The Surprising Creatures in Sea Caves
Story by Ginny Prior
Since the beginning of time, mankind has been fascinated with caves. Dark, dank and mysterious, they test the very depths of our imagination. But while humans lived for centuries in caves on dry land, it’s sea caves that offer the real adventure. And no place in California has more sea caves than the Channel Islands.
First, a geography lesson. The Channel Islands are eight spits of land off the Southern California coast. They lie in a spot between the mainland and the deep ocean called the Continental Shelf. There’s an amazing array of wildlife and water so clear, Jacque CoustouCousteau once called it one of the best cold- water diving spots on the planet. Oh, and something else. We own these islands. They’re part of the National Park system.
On a day when the fog was skirting the sun, I joined a group of kayakers on a trip to the closest island in the chain, Anacapa. We left out of Oxnard, about an hour north of Burbank and just below Santa Barbara.
The boat trip to Anacapa is not for the weak of stomach. Dramamine and a steady eye on the horizon helped me through the 90- minute excursion, which was more like a liquid roller coaster ride. But once we were in our kayaks, the waves were gentle and easy to ride.
Anacapa is a long, skinny spine of cliffs and caves that the Chumash called “Anyapakh”, or mirage. Our guide was most aptly named, Jimmy McWaters. “People have been hurt in these caves and you have to be careful,” he warned as we adjusted our helmets and paddled into a circle around him. He watched, intently, the swell of the sea. “If the tide is too high or low, you can get trapped,” he went on, adding that he had his own scrape with death in a sea cave. “I was trying to turn around and a swell came in and lifted my kayak up and I got wedged on the ceiling.” Perhaps too much information was coming our way.
But once I saw the treasure inside, I was convinced that the risk was worth it. A kaleidoscope of color encircled the walls, with sea stars of purple and magenta. Tiny crabs scurried along the dripping rocks. And something else was in there. I could see it on a ledge when Jimmy shined his flashlight. It was a Sea Lion with deep, dark eyes and whiskers like a broom. This was clearly his cave and his barking echoed off the cavern walls.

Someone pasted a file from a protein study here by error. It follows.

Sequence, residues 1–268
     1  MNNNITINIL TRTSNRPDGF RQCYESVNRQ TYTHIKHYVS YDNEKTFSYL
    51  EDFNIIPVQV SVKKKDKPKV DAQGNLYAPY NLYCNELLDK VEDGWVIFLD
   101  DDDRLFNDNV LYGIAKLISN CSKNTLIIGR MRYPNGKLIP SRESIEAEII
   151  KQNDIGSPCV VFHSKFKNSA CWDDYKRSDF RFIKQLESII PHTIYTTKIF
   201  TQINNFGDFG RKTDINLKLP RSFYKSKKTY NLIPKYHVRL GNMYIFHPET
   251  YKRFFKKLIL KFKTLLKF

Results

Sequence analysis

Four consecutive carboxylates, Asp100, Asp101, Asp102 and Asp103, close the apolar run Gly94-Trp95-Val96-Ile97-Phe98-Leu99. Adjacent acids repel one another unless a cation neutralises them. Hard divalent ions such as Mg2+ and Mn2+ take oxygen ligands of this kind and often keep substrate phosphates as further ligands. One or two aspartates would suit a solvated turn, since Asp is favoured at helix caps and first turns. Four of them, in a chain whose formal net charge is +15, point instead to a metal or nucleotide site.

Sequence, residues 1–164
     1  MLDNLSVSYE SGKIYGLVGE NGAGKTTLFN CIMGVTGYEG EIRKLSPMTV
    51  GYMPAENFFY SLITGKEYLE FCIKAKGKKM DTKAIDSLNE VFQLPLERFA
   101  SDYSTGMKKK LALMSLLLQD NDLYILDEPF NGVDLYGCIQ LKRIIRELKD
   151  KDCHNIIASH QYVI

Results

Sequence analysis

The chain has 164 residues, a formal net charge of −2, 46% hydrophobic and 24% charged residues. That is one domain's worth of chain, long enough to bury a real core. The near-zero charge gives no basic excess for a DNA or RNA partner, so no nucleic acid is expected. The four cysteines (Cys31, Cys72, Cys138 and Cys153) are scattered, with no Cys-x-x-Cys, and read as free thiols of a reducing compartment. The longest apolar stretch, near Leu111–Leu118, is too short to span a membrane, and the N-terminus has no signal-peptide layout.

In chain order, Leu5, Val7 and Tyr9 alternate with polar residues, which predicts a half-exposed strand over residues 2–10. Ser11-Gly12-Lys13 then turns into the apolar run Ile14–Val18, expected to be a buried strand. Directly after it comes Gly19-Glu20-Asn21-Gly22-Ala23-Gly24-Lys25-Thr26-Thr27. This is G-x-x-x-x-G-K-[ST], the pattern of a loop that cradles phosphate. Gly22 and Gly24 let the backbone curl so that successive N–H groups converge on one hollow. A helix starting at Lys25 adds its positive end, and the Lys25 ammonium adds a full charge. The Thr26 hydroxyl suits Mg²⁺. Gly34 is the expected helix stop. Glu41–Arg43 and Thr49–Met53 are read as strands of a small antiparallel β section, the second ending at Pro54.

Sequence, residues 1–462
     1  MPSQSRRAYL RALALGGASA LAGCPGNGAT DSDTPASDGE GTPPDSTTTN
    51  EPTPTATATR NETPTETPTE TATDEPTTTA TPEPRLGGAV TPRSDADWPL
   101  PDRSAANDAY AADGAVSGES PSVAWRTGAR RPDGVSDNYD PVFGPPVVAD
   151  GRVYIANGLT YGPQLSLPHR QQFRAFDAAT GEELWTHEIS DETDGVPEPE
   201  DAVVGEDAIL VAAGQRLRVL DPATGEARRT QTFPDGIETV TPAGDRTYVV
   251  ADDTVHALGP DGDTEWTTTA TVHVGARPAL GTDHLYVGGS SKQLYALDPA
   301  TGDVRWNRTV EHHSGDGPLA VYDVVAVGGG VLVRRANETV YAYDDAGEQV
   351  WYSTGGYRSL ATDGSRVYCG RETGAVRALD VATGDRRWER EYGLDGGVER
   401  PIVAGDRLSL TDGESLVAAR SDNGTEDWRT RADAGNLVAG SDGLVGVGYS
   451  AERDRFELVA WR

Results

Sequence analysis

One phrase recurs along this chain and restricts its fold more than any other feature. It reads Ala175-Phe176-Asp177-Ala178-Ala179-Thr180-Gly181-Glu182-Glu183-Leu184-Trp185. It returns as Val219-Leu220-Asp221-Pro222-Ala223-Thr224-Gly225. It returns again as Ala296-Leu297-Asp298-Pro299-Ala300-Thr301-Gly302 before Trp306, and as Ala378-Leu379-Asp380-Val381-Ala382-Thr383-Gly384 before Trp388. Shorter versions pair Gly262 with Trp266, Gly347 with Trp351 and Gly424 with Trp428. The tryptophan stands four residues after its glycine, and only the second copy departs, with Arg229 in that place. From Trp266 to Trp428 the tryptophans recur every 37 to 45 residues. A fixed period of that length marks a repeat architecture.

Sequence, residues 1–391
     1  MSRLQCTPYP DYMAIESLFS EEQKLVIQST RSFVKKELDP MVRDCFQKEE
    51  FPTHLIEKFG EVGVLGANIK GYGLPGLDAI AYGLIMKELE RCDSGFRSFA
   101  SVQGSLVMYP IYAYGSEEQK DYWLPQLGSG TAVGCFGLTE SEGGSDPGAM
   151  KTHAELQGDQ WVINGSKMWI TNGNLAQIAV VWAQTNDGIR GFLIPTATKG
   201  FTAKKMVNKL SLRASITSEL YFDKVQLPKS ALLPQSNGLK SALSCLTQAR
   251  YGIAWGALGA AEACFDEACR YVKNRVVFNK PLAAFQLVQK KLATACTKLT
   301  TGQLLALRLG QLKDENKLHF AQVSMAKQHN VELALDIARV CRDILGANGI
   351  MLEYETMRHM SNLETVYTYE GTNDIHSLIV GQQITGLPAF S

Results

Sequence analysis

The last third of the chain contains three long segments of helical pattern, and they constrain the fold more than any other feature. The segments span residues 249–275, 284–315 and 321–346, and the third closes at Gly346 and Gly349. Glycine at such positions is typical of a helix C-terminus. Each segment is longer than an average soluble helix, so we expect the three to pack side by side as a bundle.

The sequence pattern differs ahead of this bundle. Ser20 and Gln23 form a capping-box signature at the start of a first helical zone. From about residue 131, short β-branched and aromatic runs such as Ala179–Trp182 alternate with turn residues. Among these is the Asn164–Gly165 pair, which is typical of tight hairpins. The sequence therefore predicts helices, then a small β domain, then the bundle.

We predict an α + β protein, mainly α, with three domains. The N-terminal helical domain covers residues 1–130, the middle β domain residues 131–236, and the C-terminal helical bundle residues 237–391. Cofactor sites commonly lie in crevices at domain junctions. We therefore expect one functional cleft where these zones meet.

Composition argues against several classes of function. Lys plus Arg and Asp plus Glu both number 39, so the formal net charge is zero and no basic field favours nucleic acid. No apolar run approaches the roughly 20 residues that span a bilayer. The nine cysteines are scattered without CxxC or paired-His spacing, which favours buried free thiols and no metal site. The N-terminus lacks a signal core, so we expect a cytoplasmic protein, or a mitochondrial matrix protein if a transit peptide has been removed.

In and out of the sea caves we paddled, riding the tides and marveling at the marine life. If ever there were an amusement park for this sport, the Channel Islands would be it. Off Anacapa alone, there are more than 120 sea caves. Some are big, with wide- open entries. Some are tiny, barely allowing a kayaker to enter before being spit back out with the tide. Guides have names for caves like these. Names like Room of Doom and Flatliner. The novice kayaker may want to sit these caves out. But then there are places like Painted Cave off Santa Cruz Iisland. One of the world’s largest sea caves, it’s big enough to house a blimp. In fact, Santa Cruz has over 150 caves on its front side alone. It’s the biggest of the Channel Islands and is thought to be a miniature of what Southern California looked like more than a century ago.
“And if all this doesn’t do it for you — there’s always sex.”
On longer trips, you can beach your kayak and hike the trails on several of the islands. Snorkeling is also a popular sport. And if all this doesn’t do it for you — there’s always sex. With waters so clear, you can see the male Garibaldis luring the ladies into their kelp dens. When the passion has ended, the females take off — leaving the men to raise the minnows. It’s a show that goes on daily in the Channel Islands chain.